Abstract| Volume 14, ISSUE 4, SUPPLEMENT , S19, April 2013

Analysis of preoperative measures that predict interference with sleep recovery after surgery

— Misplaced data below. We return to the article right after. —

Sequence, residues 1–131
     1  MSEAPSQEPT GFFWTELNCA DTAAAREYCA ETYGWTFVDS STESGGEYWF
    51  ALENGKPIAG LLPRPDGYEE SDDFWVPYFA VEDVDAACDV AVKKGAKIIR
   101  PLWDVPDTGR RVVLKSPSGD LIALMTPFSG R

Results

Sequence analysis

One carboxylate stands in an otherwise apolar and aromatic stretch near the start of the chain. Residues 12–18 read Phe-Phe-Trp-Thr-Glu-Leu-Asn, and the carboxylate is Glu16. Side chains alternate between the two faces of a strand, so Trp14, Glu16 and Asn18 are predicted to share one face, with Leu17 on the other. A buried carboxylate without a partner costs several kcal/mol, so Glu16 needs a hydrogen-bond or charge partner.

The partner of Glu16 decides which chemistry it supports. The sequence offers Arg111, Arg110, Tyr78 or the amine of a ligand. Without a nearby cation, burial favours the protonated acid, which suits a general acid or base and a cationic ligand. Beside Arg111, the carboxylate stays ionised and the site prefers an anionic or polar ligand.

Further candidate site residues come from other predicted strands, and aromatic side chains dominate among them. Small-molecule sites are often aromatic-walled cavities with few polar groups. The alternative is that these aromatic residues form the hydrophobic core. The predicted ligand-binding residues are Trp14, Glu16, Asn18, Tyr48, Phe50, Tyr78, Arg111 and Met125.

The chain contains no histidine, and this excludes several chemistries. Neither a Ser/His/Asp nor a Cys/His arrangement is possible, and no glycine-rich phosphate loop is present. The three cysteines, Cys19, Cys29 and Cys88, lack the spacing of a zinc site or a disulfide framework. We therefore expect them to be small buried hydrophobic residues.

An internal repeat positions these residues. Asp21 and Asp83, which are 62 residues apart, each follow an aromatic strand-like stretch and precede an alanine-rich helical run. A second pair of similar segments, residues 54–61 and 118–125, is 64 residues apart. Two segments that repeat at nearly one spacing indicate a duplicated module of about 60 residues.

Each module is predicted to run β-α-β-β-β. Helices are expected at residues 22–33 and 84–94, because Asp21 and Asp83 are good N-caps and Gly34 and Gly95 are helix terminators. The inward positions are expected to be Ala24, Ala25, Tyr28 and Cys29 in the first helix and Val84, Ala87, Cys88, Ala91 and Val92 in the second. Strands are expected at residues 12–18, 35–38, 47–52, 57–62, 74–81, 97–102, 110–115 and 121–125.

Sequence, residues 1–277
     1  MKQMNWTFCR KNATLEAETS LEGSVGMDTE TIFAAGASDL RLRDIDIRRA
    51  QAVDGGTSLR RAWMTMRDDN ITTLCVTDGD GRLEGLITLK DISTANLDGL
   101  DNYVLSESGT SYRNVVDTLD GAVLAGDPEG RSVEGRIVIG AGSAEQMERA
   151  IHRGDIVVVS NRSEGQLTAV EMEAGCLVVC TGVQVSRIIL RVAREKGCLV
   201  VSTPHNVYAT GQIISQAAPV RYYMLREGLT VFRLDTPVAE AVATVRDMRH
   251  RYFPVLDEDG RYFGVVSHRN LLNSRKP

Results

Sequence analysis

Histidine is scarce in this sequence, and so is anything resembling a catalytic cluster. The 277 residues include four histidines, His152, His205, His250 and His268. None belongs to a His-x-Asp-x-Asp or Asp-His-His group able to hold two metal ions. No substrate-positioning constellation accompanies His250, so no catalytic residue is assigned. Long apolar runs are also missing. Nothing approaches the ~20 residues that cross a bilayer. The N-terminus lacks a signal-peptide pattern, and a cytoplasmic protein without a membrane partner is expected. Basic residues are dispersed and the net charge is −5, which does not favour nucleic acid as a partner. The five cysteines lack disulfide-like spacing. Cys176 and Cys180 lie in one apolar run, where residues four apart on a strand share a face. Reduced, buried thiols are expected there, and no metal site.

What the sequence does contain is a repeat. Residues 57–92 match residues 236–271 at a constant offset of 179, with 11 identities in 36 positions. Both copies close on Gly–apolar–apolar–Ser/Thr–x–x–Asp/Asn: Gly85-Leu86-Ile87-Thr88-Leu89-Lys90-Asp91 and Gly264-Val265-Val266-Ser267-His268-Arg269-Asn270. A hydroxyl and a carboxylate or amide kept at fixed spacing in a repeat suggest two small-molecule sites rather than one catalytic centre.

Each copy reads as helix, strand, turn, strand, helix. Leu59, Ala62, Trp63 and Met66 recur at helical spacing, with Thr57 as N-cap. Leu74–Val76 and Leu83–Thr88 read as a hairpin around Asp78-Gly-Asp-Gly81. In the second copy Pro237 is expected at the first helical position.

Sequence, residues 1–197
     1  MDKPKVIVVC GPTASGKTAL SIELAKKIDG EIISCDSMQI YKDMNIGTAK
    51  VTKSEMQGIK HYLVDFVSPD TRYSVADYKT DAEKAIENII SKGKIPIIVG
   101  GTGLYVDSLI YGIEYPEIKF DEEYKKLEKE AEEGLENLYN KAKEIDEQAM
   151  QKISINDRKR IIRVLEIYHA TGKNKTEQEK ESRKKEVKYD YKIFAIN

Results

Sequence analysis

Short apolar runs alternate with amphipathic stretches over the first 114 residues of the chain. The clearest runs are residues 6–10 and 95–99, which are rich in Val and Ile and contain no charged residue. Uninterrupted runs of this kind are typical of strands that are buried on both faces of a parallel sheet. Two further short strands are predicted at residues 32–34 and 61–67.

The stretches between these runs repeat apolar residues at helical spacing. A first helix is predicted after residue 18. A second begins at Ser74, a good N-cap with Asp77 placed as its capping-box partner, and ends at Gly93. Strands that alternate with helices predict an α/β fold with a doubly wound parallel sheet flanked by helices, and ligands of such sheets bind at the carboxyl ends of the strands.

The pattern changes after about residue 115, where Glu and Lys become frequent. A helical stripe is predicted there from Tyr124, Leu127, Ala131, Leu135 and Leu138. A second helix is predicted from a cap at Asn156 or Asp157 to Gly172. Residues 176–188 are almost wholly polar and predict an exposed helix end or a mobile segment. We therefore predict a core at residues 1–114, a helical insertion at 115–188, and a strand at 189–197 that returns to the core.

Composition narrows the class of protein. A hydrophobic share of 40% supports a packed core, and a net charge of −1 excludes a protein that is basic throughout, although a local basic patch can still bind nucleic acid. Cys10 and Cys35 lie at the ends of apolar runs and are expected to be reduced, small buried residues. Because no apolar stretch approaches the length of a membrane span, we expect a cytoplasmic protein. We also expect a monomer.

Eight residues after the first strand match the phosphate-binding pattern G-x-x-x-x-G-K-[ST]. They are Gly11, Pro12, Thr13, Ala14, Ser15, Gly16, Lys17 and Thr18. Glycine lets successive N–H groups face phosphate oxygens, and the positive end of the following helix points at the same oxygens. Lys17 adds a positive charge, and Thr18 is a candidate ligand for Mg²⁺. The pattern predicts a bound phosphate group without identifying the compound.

Previously, we reported a prospective observational study of the determinants of delayed opioid cessation after 5 distinct surgical procedures.1 We conducted an exploratory analysis on this same data set to discover determinants of time to sleep recovery after surgery. This was defined as a decrease of reported pain interference with sleep on the Brief Pain Inventory to pre-operative values (or lower) for 5 consecutive days after surgery. All significant predictors in univariate Cox regression were considered in multivariate analysis. Three significant predictors were identified. Visual-analog pain score at the time of opioid cessation predicted a prolonged time to sleep recovery (HR=0.458, p=0.0213). One question of the Screener and Opioid Assessment for Patients with Pain (“How often have you had a problem getting along with the doctors who prescribed your medicines?”) also predicted a prolonged time to sleep recovery (HR=0.182, p=0.0119). Finally, pain interference with sleep prior to surgery predicted shortened time to sleep recovery (HR=6.981, p=0.0003). Surgery type and pre-operative anxiety, depression and post-traumatic stress disorder symptoms were not significant predictors. Higher pain scores at the time of opioid cessation after surgery would reasonably be expected to indicate continued pain interference with sleep. Also, elevated pre-operative pain interference with sleep should predict faster sleep recovery merely given the elevated baseline sleep disruption. It is plausible that frustration with prescribing physicians may be indicative of underlying personality or psychological traits that may predict prolonged time to sleep recovery, but the association is not easily explained. This exploratory analysis underscores the complexity of the relationship between pain, sleep and recovery from surgery. (1. Carroll I, Barelka P, Wang CK, Wang BM, Gillespie MJ, McCue R, et al, Anesth Analg, 2012.)